A student at Montreal’s Dawson College has been expelled after pinpointing a flaw in the Omnivox web portal software that could allow an attacker to access records of thousands of students.

20-year-old computer science major Ahmed Al-Khabaz was busy developing a mobile app that worked in tandem with Omnivox when he discovered “sloppy coding” that could have easily led to the second massive education-related data breach in Canada. The last one happened less than a month ago.

Al-Khabaz quickly reported the vulnerability to the Directory of Information Services and Technology, who extended congratulations to the student and his collaborator for their discovery. The duo were told that Skytech — the company that develops the Omnivox software — would be alerted immediately so that a fix could be implemented. Omnivox is in use at hundreds of colleges and universities in Canada, so it’s quite likely that the exploit could have affected schools other than Dawson, too.

Dawson College

No alarm bells had gone off yet, but when Al-Khabaz decided to fire up the Acunetix web exploit testing kit to see if the hole had been patched Skytech took notice. Skytech noticed the activity in its log files and subsequently informed Al-Khabaz that he was breaking the law and could face charges and possibly jail time. Edouard Taza, president of Skytech, admitted being impressed with the students’ ability to spot the flaw, but noted that the use of Acunetix crossed a line.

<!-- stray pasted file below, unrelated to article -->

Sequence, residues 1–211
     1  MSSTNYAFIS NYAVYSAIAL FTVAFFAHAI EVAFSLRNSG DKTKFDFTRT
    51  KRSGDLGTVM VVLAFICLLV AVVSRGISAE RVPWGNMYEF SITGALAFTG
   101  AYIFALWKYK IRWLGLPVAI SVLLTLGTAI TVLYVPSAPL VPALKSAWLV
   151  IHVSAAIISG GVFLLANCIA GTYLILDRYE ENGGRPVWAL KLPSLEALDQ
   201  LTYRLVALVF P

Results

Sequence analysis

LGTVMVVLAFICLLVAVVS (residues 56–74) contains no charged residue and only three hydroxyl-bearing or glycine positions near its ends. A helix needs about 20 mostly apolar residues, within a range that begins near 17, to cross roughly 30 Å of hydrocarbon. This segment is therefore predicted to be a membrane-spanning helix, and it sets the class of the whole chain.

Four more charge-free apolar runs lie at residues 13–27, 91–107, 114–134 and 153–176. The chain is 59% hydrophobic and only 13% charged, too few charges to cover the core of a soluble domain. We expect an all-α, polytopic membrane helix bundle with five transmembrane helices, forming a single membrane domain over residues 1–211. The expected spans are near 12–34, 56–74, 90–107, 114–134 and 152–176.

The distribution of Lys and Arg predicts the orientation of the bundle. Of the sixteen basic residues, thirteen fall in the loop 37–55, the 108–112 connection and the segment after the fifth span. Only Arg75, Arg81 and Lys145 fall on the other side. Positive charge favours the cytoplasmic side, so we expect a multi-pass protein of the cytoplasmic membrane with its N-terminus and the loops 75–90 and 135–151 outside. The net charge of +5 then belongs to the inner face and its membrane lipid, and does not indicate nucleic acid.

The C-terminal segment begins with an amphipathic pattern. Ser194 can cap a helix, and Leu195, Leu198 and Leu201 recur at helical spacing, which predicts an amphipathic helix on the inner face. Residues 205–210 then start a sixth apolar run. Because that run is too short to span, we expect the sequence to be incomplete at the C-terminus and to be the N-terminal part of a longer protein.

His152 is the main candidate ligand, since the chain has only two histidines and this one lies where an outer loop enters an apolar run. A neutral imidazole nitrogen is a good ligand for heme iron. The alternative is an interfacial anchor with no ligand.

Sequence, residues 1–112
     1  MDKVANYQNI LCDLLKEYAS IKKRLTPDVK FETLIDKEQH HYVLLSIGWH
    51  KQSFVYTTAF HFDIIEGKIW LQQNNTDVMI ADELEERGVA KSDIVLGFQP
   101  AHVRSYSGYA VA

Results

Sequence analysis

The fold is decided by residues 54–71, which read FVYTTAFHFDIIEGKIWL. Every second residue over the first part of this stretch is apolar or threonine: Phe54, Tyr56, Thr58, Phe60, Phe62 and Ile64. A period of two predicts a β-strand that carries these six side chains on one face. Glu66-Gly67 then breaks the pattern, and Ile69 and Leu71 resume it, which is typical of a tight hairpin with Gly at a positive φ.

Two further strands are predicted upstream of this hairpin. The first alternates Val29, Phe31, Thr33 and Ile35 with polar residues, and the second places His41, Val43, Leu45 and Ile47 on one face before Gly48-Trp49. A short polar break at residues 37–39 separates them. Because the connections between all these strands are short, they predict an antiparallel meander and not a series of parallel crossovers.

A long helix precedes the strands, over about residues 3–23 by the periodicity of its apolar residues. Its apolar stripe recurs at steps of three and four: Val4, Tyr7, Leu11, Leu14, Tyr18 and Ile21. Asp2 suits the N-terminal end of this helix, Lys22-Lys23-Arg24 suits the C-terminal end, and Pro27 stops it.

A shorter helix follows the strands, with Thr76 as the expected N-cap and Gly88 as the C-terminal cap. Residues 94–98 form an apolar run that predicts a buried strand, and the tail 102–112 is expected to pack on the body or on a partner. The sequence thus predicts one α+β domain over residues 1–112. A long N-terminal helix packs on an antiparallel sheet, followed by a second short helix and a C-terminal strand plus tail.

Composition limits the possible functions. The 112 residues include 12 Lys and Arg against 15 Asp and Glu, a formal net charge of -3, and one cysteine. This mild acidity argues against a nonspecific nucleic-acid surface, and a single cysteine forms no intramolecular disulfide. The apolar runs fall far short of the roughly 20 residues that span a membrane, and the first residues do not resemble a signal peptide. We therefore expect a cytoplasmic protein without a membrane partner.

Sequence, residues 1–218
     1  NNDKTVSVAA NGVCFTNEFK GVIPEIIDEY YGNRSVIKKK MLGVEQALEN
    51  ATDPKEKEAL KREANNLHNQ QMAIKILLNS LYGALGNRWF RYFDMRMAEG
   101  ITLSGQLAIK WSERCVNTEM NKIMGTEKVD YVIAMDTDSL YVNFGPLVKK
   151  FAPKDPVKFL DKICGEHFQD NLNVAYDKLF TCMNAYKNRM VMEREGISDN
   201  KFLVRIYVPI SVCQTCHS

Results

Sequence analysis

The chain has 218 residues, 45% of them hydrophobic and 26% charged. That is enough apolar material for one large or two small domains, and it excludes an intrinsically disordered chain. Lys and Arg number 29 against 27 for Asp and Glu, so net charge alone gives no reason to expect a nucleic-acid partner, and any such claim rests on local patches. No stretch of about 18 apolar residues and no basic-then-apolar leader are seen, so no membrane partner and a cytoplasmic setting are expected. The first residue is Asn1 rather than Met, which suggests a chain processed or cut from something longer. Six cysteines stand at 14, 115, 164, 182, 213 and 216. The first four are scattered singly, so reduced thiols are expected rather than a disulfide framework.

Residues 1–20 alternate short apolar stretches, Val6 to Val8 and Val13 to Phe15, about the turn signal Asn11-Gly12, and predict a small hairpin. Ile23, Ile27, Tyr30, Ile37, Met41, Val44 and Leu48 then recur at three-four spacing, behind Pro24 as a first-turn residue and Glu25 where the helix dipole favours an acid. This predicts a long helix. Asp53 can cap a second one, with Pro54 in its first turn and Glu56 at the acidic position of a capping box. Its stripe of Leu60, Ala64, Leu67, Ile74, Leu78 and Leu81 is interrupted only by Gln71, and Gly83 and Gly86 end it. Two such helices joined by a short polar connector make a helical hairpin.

And apparently Dawson College agreed. The computer science department voted 14 to 1 to expel Al-Khabaz, who has now seen his straight-A grades reduced to zeroes across the board. A pair of attempted appeals were denied, and he’s now left wondering what his academic future will hold.

Al-Khabaz told The National Post that if it wasn’t for their discovery, “Students could have been stalked, had their identities stolen, their lockers opened and who knows what else.” He added, “I found a serious problem, and tried to help fix it.”

It’s hard to believe that another college in Canada won’t step up and turn a blind eye to the expulsion in the wake of all this publicity, but it’s too bad that a student that was operating in the open to protect his classmates had to be made an example of.

Via Geek.com

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